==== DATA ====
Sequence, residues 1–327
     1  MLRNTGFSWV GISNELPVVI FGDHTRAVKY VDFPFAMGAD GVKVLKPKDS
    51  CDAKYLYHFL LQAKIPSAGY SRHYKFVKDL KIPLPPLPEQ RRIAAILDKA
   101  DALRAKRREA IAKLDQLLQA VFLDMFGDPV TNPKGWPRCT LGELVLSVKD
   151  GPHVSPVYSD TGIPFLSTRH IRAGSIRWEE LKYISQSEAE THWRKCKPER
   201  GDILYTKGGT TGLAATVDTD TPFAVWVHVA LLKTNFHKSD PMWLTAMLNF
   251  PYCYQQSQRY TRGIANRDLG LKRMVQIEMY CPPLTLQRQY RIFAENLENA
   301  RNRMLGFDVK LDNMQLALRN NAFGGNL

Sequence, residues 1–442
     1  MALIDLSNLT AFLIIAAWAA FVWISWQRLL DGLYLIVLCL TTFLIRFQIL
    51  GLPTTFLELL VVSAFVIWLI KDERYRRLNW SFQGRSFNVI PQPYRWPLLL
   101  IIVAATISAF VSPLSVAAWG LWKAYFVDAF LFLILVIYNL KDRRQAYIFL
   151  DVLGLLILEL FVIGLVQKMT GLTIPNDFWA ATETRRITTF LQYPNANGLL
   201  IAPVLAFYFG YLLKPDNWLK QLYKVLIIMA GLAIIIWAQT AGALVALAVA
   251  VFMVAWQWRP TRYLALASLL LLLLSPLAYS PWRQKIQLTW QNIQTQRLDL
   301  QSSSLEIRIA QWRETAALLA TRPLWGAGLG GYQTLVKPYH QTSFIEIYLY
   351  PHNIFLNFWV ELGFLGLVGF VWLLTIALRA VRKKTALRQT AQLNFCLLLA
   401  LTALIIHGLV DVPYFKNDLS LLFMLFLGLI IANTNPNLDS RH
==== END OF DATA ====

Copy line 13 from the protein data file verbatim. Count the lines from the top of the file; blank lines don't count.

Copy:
   151  DVLGLLILEL FVIGLVQKMT GLTIPNDFWA ATETRRITTF LQYPNANGLL